Depending on which news reports you read, Microsoft's latest earning report was either the best in the company's history (revenue for April through June hit $18.6 billion, its top quarter ever) or the worst in the company's history (writing off the 2007 purchase of aQuantive led to a first-ever quarterly loss of $492 million). Neither number generated much buzz or traction in the stock market, primarily because the write-down of aQuantive had been announced weeks ago.
Even a year-over-year decline of 14 percent in Windows quarterly sales didn't stir much interest. Microsoft set aside $540 million in revenue deferral, anticipating the launch of Windows 8 (Microsoft won't put the money on the books until it delivers the promised upgrades to Windows 8). Microsoft made similar deferrals for Vista and Windows 7, and it expects to defer more than $1 billion in revenue for Windows 8 during the current quarter. If you add the deferred revenue back in, Windows quarterly sales were basically flat, year over year, and Windows sales for the entire fiscal year were down about 2 percent.
There were two numbers, though, that really struck me.
First, the Online division (primarily Bing) continues to bleed. Ignoring the aQuantive write-down, Online lost $472 million during the quarter. Microsoft justifies the expense by referring to an increase in Bing market share, but that argument's specious. Depending on whose statistics you trust, Google's share of the U.S. search market actually increased during the quarter. Bing's increased too, but at the expense of Microsoft advertising partner Yahoo.
Tracking ComScore's U.S. Explicit Core Search numbers, Google sites had 11.4 billion hits in April, 11.7 billion in May, and 11.4 billion in June. Adding the Bing and Yahoo sites together, their numbers are 2.6 + 2.3 billion in April, 2.7 + 2.3 billion in May, and 2.7 + 2.2 billion in June; the totals come in at 4.9 billion, 5.0 billion, and 4.9 billion, respectively. If you only look at Bing's numbers, Microsoft spent $472 million to rack up 100 million more searches over the course of the quarter -- almost five bucks per search. And all that money didn't put a dent in Google.
Second, the Entertainment and Devices division took an almost unbelievable $263 million hit for the quarter, ending the fiscal year with a squeaky $364 million profit. Xbox sales were down 39 percent in the quarter, compared to last year. But the number that must really hurt -- the number the company won't divulge -- is how much Microsoft is paying for Windows Phone. In addition to internal development and support expenses, Microsoft is said to be paying third-party developers to write apps for the Windows Phone platform.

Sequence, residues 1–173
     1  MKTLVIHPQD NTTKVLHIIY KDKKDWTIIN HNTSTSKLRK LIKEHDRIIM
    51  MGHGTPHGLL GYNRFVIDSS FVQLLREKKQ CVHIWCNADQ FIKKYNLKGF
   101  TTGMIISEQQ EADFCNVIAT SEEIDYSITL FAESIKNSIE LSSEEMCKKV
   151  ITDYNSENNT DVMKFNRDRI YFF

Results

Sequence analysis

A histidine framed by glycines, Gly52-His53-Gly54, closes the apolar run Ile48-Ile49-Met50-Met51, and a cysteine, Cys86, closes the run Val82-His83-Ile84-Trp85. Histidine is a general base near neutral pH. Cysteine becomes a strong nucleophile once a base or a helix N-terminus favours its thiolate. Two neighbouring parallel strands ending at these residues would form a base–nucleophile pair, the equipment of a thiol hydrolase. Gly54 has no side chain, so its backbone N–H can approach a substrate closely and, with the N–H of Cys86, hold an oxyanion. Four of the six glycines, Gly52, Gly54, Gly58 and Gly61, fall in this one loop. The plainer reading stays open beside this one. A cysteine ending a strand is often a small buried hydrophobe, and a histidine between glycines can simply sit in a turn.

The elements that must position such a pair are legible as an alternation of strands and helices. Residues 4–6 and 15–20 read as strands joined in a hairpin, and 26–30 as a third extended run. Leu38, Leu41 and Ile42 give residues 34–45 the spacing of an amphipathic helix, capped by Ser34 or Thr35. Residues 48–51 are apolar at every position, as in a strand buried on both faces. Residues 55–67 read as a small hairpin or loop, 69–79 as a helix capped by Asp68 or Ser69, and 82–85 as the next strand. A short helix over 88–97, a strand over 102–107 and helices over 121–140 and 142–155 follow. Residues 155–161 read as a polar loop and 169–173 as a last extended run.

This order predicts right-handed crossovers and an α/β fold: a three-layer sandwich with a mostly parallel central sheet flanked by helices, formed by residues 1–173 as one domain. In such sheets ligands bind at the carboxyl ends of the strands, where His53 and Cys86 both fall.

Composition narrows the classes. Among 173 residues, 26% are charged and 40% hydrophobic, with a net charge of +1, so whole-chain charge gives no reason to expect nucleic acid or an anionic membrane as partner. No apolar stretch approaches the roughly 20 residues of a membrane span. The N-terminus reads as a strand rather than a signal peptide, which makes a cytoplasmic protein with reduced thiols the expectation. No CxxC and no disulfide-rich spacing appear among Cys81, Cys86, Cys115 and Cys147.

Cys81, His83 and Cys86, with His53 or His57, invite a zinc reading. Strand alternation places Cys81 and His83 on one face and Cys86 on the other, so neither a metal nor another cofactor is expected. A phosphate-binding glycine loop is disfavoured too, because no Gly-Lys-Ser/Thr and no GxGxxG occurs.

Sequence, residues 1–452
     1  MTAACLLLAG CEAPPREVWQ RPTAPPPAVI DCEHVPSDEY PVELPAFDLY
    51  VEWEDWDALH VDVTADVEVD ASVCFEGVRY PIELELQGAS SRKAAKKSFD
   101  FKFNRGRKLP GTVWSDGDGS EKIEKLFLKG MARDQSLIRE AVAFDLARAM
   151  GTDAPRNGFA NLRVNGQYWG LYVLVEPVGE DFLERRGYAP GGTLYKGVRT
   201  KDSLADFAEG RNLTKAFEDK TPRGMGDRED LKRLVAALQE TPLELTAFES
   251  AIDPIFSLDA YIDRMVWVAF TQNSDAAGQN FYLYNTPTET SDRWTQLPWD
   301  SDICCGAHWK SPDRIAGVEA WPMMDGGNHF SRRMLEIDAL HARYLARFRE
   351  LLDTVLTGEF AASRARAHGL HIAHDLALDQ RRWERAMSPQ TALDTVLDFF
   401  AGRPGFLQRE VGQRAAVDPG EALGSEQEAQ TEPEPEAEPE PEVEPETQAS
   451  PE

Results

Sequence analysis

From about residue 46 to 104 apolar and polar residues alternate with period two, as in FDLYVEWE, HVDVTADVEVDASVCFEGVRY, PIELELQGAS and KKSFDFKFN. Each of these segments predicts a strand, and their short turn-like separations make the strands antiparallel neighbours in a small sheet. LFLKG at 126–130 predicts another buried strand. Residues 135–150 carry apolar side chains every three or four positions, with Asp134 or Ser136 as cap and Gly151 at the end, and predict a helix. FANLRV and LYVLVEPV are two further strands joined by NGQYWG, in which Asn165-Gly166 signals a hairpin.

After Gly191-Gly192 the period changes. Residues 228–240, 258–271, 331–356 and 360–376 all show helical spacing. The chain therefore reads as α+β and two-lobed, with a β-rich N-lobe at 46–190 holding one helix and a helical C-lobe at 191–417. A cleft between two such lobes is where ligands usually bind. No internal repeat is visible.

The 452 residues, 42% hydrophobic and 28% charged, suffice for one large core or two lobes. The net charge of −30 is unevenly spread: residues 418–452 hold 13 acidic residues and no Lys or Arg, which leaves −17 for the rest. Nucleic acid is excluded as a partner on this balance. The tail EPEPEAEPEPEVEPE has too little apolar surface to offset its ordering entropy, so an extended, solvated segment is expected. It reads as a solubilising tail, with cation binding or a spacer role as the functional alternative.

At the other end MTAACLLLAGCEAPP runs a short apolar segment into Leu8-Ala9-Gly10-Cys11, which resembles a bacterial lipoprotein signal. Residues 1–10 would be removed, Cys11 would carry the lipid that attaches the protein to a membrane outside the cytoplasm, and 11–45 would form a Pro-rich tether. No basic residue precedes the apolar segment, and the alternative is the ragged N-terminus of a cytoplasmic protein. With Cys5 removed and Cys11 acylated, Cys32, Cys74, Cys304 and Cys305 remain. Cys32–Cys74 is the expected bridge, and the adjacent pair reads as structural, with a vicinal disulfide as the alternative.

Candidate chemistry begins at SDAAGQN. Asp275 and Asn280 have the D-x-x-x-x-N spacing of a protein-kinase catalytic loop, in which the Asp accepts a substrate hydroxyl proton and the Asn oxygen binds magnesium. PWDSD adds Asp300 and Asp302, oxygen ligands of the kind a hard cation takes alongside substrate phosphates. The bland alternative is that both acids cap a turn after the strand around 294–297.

Microsoft is also paying Nokia "platform support payments." Nokia's latest financial report states: "In the second quarter 2012, we received a quarterly platform support payment of $250 million (approximately €196 million). Under the terms of the agreement governing the platform support payments, the amount of each quarterly platform support payment is $250 million."
It's also hard to estimate how much Microsoft has spent on advertising the Windows Phone. Back in January, Paul Thurrott (author of "Windows Phone 7 Secrets") divulged that "according to the internal Microsoft documentation I've viewed,the total cost of this [Windows Phone] marketing tsunami is in the neighborhood of $200 million ... that's just for the United States."
How many Windows Phones has Nokia actually sold? Nokia isn't saying. But there's some evidence that, as of May, Nokia had sold perhaps 330,000 units in the United States, a number confirmed last week by Horace Dediu of Asymco. Add to that the number of Samsung Focus S and HTC Windows Phones sold, and you might hit a million total Windows Phones sold in the second quarter. Maybe. With a good tailwind.
Of course, all of this involves dead reckoning. It isn't clear precisely how much Microsoft paid for Windows Phone advertising -- other companies no doubt kicked in. But if payments are in the general ballpark of $450 million, Microsoft just spent about $450 per phone to get those shiny new Windows Phones out the door. That's just the price for keeping Nokia afloat and advertising -- it doesn't even include manufacturing costs.
This story, "The real story behind Microsoft's latest earnings report," was originally published at InfoWorld.com. Get the first word on what the important tech news really means with the InfoWorld Tech Watch blog. For the latest developments in business technology news, follow InfoWorld.com on Twitter.